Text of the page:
After making history with his victory at the Open earlier this month, Collin Morikawa might well be the favorite to win Olympic gold in the country where half his family is from.
Morikawa, who is half Japanese, became the first man to win both the PGA Championship and the Open on his tournament debuts having won his maiden major last year.
And now he is in Japan for the 2020 Tokyo Olympics as part of a four-man Team USA delegation, looking to win the country’s first ever Olympic gold medal in men’s single golf.
After finishing in the top 15 of the Olympic Golf Ranking at the close of the qualification period, Morikawa joined Justin Thomas, Xander Schauffele and Bryson DeChambeau in receiving the honor of representing the US at the Summer Games.
Unfortunately for 2020 US Open winner DeChambeau, he has been forced to withdraw after testing positive for Covid-19. He has since been replaced by 2018 Masters winner Patrick Reed.
Just over two years ago, Morikawa was ranked 1,039th in the world having finished tied for 14th at the RBC Canadian Open in June 2019. Now, he is a two-time major winner heading to the Olympics.
And he says he’s ready to soak everything up while in Japan.
“(His excitement) is through the roof to really think about where I was two years ago as an amateur and where I am now in the world, everything I’ve done so far,” he told CNN Living Golf’s Shane O’Donoghue.
“It’s crazy to think that I have this opportunity, but it’s something that I’m never going to take for granted. No one’s going to be able to take it away from me and to be representing Team USA, it’s one of the biggest honors really.”
Playing for his country
While Morikawa is making his first appearance for Team USA, it is not his first time playing as part of a team in a golf tournament.
During his amateur career, the 24-year-old participated in team formats at the Arnold Palmer Cup, the Walker Cup and the Eisenhower Trophy.
But competing at the Olympics as part of Team USA is going to “top all of that by a million times” because of the Games’ global appeal, according to the world No. 3.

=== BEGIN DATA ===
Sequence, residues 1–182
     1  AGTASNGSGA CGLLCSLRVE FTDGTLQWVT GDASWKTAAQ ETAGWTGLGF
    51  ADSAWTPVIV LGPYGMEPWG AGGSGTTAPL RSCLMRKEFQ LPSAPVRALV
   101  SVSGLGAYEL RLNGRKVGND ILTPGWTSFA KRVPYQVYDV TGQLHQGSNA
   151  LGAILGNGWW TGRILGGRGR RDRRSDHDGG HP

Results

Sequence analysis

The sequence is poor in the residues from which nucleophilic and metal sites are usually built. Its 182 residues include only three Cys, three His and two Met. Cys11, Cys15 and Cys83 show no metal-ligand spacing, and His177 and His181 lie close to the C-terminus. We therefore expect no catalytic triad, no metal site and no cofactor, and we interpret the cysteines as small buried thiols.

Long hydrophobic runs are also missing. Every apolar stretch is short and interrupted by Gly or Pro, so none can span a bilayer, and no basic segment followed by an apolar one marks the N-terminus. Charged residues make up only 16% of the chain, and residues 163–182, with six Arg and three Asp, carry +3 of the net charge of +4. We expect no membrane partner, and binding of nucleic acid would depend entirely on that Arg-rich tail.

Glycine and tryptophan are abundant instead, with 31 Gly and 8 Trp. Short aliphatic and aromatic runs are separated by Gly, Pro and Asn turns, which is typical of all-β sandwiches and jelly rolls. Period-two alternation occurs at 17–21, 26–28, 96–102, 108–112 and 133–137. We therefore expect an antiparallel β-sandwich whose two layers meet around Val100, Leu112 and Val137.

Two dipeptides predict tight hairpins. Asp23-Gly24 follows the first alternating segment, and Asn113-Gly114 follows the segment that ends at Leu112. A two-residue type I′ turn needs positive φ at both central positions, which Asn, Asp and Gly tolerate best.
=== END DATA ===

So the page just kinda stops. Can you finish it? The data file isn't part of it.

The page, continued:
“For golf, we’re such an individual sport. And even though the Olympics – yeah, we’re playing individually, and we’re making ourselves trying to win gold or whatever. You’re playing for your country and those were the best memories I made as an amateur,” he said.
“And this is just going to top all of that by a million times because it’s on a professional stage, it’s worldwide. So really anytime you wear USA on your sleeve or your chest or wherever it may be, it’s something that, it’s always going to be with you.”
When the golf competition kicks off on Thursday, July 29, at Kasumigaseki Country Club, Morikawa will be suiting up alongside three of the top-12 ranked golfers in the world.
As well as describing having “chills” when pulling on a jersey with the US flag embossed on it, the high caliber of the selected players – and the players that missed out – showcases the strength of American golf at the moment.
“I think it shows the strength of young golf and a lot of young players right now. But we all want to beat up on each other. I think we try and do that. I haven’t really talked to them since we’ve all made the team, but I know everyone’s excited to be on that team.
“You can’t be on the team and not be excited to represent Team USA because I think you ask any player that’s ever represented their country – wherever they’re from – it’s the biggest honor, especially since we play such an individual sport, when we’re able to be on a team, um, it means that much more to us.”
For Morikawa, coming to play in Japan will be a special honor given his Japanese heritage.
Although his Japanese relatives have moved to the US, being half Japanese and having a Japanese surname “definitely resonates with a lot of people” in the country, says the two-time major winner.
“It’s cool to see people just somehow relate and see me: yes, I’m an American, but yes, I’m an Asian-American. And just see opportunities and hope that people that look like me could have this opportunity to go out and make an Olympic team.”
He recalls first making the trip to Japan with his family in 2017 when he was in college, falling in love with the people and culture in the process.
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However, being a self-confessed foodie, it was the cuisine that really grabbed Morikawa and is one of the main things he’s looking forward to in Tokyo.
“I could eat sushi all day,” he gushed. “When we played the ZOZO Championship (in October 2020), I remember we were in this little town around the airport, and I think every player went to this one sushi spot in it and hands down, it’s probably one of my favorite places I’ve ever been to.
“Definitely, something I look forward to,” he added.